Dave Leder/For the Capital Press
Adam Dolsen has always had a soft spot in his heart for cows.
The president of The Dolsen Companies in Yakima, Wash., grew up working with his father and grandfather at the Cow Palace dairy in nearby Granger, not realizing that he would one day be managing the entire operation.
Nearly four decades later, Dolsen still has a strong affinity for Holsteins. And even though he spends more time in the office than he would like, he still visits the Cow Palace a few times a week to check up on his heifers.
“I had a lot of hands-on experience as a kid, and I really grew to love working with the animals,” said Dolsen, 36, who succeeded his father, Bill, as president in early 2016. “I believe a lot of my value to the company is in getting out to our facilities, not looking at spreadsheets all day.”
Dolsen’s grandfather, Bob, started The Dolsen Companies in the mid-1960s when he purchased a local Coca-Cola bottling plant that is still in operation today.
He then launched a side business, leasing out his beef cows to farmers around the Yakima Valley. Out of that love for cows came the dairy, which opened in 1972.
Today, the Cow Palace is one of the largest open-lot dairies in the state, milking 7,200 cows and producing more than a half-million pounds of Grade A milk every day.
The company also grows its own feed crops, maintaining about 700 acres of farmland, as well as a 50-acre apple and pear orchard.
Despite its size, the dairy is able to maintain an intimate, friendly culture for its employees.
“We’re still a family farm,” Adam Dolsen said. “It’s definitely not a corporate gig. We care a lot about our people, and we’ve been rewarded with their loyalty over the years. Providing good wages and benefits to give our employees a good life is really important to us.”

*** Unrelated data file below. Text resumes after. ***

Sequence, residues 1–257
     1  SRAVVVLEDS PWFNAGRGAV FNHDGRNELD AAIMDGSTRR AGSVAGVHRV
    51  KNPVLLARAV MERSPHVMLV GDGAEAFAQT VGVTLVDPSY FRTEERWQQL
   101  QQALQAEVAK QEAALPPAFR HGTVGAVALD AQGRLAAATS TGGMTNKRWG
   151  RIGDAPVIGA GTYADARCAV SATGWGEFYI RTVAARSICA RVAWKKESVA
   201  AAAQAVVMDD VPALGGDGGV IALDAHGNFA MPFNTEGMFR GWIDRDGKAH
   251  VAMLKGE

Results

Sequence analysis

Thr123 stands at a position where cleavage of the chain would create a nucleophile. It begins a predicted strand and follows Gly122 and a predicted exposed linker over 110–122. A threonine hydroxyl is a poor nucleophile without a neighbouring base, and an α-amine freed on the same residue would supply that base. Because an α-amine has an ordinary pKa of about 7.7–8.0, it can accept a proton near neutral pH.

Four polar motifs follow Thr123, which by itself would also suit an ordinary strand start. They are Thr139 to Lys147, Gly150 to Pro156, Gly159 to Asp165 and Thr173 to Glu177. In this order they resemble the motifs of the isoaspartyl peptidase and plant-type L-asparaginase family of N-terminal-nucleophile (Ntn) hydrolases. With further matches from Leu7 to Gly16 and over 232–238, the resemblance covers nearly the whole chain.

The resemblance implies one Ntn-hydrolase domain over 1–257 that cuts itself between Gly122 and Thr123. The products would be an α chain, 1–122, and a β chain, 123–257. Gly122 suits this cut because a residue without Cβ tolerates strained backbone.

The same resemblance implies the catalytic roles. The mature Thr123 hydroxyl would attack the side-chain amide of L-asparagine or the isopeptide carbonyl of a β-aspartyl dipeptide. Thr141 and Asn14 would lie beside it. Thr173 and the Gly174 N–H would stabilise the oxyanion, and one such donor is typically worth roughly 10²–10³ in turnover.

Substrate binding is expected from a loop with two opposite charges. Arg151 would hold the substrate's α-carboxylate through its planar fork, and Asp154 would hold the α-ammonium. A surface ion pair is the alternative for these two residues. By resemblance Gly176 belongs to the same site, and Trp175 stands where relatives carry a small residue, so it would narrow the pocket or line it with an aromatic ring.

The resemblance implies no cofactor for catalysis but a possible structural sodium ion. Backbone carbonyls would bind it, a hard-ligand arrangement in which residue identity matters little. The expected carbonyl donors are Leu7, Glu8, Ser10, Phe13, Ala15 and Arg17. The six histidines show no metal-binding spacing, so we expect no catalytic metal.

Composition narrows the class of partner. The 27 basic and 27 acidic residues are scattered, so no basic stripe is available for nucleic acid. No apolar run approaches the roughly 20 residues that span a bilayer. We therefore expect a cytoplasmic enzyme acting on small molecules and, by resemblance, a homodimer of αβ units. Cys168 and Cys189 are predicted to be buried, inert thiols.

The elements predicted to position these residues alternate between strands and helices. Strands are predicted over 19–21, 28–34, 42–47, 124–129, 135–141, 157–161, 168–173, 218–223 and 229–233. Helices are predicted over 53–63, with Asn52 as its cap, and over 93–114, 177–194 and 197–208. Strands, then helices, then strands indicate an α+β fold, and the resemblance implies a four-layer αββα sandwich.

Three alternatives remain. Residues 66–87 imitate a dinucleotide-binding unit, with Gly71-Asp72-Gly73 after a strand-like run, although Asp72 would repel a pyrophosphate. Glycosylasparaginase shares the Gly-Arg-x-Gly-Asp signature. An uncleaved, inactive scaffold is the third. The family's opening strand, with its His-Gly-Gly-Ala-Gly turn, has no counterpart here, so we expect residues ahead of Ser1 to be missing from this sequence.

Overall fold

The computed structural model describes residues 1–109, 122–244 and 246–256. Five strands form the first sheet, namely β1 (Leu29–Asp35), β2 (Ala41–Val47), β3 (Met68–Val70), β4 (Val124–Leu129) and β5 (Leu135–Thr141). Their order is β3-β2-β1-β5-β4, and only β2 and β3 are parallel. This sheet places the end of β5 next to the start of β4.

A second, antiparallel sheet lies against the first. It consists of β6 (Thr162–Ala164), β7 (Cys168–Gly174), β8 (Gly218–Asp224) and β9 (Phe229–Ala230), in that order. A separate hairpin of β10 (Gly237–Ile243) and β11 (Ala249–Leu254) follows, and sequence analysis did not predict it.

Cow Palace has 85 full-time employees, many of whom have been with the company for 25-plus years. Dolsen says having so many dedicated, dependable employees is what allows him to focus on the big picture.
“These people have made a career out of this, and that continuity has contributed greatly to our success over the years,” he said. “I grew up working with a lot of these guys, and they’ve taught me so much. They definitely make my job easier.”
Dolsen credits his father for focusing on the people side of the business. Taking care of his employees and setting them up for success provides Dolsen with as much satisfaction as he gets working with the cows.
“I saw my dad commit to building up our people and that really inspired me,” he said. “I have a passion for working with people, and seeing others succeed is what really drives me.”
Dolsen added that he still seeks regular advice from his father, though Bill Dolsen, 66, is no longer involved in the day-to-day operations. Adam Dolsen said it’s too early to know if the company will one day be run by his children — ages 12, 6 and 5 — but he intends to keep the door open.
“I want them to find something that makes them happy,” he said. “I mainly want to teach them the strong work ethic I learned from my dad and grandfather because that is what made all of this possible.”